In this specialized environment, Philadelphia-based music phenomenons found a bit of spotlight this year. There were two books on American Bandstand: Dick Clark's American Bandstand (HarperCollins, $20), an official photo history of the pioneering show, and a more analytical behind-the-scenes account called American Bandstand: Dick Clark and the Making of a Rock and Roll Empire by John A. Jackson (Oxford University Press, $27.50).
There was John F. Szwed's extensive, almost too scholarly survey of the work of music revolutionary Sun Ra, Space Is the Place: The Lives and Times of Sun Ra (Pantheon, $29.95). After too long in the shadows, the story of one of the region's gospel mainstays, the Clara Ward Singers, was finally told in the comprehensive How I Got Over: Clara Ward and the World-Famous Ward Singers by Willa Ward-Royster (Temple, $26.95). And Philly-based rock scribe Chuck Eddy took readers on a tour of the more remote regions of his psyche with the compendium The Accidental Evolution Of Rock 'N' Roll (Da Capo, $15.95), musings on the connections between disparate musical styles and the way those connections can affect ordinary listeners.
Whether you are shopping for the Aerosmith fan who has everything or just curious about the roots of reggae, following are thumbnail sketches of some of the year's most interesting books on music.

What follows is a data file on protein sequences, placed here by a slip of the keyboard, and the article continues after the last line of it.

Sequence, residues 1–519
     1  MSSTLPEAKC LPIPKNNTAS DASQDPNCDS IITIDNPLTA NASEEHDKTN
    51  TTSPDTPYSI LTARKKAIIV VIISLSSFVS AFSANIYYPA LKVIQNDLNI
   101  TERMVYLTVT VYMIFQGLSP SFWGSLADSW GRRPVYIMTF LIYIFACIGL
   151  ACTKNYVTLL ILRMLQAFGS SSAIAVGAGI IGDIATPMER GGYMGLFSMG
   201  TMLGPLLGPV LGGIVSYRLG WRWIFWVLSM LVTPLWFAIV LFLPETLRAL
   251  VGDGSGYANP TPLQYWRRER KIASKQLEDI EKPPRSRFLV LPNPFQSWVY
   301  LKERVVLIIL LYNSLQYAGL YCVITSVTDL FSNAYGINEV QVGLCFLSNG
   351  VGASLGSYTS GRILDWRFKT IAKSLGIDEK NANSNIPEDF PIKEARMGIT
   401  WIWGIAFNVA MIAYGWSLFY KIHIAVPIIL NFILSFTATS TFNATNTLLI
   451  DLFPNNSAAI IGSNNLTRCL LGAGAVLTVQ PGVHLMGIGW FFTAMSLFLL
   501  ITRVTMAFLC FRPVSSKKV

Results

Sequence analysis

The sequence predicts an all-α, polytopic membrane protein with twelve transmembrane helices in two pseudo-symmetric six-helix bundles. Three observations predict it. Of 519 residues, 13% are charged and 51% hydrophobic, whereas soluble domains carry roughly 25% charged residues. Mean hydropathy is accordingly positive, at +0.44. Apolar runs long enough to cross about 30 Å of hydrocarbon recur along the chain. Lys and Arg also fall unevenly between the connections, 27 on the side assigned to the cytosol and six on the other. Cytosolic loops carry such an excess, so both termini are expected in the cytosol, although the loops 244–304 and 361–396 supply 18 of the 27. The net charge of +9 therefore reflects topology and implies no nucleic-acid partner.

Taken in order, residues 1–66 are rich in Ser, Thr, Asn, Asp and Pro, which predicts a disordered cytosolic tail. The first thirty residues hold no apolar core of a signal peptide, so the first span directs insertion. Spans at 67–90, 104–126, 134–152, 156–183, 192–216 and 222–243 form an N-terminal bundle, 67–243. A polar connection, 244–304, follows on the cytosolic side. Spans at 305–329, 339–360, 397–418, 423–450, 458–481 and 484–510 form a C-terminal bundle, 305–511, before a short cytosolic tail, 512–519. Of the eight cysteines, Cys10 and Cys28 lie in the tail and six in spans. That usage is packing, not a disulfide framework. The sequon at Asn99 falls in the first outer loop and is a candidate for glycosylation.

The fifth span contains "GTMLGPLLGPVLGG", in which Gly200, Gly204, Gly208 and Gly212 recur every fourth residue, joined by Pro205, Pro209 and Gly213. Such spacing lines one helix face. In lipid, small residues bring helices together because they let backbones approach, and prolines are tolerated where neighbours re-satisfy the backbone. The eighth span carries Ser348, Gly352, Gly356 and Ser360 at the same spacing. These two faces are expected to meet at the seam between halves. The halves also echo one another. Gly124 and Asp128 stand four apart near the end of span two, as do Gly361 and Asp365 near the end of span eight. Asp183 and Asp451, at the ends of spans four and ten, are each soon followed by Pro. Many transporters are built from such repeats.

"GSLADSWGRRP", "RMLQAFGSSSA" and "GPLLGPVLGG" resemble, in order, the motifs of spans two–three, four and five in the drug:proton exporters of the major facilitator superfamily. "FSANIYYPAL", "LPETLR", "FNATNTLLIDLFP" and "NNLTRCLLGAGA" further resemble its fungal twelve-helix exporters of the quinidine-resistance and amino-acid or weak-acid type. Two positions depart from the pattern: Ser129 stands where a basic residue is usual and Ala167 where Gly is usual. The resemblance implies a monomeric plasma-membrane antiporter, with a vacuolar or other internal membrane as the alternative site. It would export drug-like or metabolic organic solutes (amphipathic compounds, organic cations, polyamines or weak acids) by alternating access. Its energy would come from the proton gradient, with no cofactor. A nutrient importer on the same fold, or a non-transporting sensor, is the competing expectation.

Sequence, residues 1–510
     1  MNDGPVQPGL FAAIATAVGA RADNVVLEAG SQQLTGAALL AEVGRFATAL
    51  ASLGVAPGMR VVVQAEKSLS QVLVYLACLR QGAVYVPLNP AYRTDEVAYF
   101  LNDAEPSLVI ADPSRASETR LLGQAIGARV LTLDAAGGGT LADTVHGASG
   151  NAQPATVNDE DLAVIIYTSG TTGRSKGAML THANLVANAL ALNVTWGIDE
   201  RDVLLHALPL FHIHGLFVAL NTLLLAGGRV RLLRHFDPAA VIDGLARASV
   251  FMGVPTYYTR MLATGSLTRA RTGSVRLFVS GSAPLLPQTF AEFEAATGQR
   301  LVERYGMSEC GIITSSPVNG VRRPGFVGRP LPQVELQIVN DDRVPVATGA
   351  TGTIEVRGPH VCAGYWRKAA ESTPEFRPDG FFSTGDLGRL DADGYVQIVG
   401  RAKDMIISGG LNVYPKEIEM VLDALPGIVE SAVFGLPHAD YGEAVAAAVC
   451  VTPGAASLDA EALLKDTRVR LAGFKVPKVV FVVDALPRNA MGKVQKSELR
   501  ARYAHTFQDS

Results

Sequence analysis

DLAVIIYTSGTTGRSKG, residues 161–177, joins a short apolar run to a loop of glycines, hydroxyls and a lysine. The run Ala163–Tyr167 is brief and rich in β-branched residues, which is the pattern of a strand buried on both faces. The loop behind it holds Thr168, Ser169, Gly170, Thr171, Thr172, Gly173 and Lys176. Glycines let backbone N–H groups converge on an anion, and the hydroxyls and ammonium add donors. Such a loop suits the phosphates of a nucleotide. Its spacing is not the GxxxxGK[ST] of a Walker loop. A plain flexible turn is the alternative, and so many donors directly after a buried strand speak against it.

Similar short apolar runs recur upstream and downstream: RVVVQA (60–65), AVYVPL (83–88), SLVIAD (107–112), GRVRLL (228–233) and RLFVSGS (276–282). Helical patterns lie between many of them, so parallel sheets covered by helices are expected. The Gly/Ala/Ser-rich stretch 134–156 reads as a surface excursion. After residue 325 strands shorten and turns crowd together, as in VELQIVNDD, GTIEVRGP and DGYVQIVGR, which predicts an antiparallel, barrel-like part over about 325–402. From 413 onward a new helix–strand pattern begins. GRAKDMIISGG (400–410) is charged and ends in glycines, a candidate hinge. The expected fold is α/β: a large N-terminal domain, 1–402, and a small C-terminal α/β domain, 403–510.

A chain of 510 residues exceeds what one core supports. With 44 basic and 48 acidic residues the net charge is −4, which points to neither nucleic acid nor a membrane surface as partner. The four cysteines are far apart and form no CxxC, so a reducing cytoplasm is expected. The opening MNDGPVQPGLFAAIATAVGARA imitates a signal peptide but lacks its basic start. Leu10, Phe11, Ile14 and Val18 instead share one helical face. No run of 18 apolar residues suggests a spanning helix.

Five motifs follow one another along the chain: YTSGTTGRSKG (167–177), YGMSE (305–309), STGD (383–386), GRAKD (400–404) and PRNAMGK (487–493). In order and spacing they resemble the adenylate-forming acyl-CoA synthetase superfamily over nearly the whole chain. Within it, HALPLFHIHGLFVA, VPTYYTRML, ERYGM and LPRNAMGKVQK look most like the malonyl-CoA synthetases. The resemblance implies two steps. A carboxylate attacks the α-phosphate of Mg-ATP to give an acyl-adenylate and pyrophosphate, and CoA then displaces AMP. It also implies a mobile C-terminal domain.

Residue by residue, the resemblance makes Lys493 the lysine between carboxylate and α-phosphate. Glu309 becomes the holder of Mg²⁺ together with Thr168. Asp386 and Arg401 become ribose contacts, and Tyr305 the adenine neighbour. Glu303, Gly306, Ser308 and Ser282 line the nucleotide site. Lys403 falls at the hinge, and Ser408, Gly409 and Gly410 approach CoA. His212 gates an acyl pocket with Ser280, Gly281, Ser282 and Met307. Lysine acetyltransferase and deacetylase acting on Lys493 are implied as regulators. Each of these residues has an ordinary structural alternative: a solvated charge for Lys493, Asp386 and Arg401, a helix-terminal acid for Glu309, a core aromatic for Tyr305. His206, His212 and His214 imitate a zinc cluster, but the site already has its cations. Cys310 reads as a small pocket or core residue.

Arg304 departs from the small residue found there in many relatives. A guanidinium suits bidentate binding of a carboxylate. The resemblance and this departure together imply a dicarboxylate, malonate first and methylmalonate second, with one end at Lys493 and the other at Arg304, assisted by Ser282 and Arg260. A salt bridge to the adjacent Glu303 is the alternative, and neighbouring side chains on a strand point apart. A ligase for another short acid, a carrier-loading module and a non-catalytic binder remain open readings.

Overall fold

Two formidable old-school rappers - Chuck D and LL Cool J - have come out with autobiographies. The Public Enemy leader's Fight the Power: Rap, Race and Reality (Delacorte, $23.95) contains an introduction by Spike Lee, and it's just as emphatic and impassioned (and occasionally confused) as you would expect. Chuck grinds political axes with everyone from superstar black athletes to white record-company executives, and Fight the Power even comes with a consciousness-raising reading list. LL's I Make My Own Rules (St. Martin's, $22.95) is more playful, though the In the House sitcom star also unburdens himself of many personal traumas. Consumer tip: Only the Parental Advisory Edition contains the chapter on LL's sex addiction, with such priceless remembrances as: ``There was a world full of groupies, and I was the Christopher Columbus of hip-hop.''
Nicholas Dawidoff's In the Country of Country (Pantheon, $25) does a solid job of profiling many of the major players who form the backbone of classic country music, from Jimmie Rodgers to Patsy Cline to Merle Haggard. The best snapshots here are of Charlie Louvin, who opens up about his troubled life with his supremely talented brother, Ira, and Johnny Cash, who comes across as a man haunted by demons who has constantly kept moving to best avoid confronting the full measure of his own talent. Cash: The Autobiography (Harper San Francisco, $25) is not so unsparing of its subject, but is still far more honest and compelling than most tell-alls, and is full of lively accounts of the Man in Black's friendships with Waylon Jennings, Billy Graham and Bob Dylan, his long struggle with addiction to painkillers, and the time his pet ostrich kicked him in the stomach.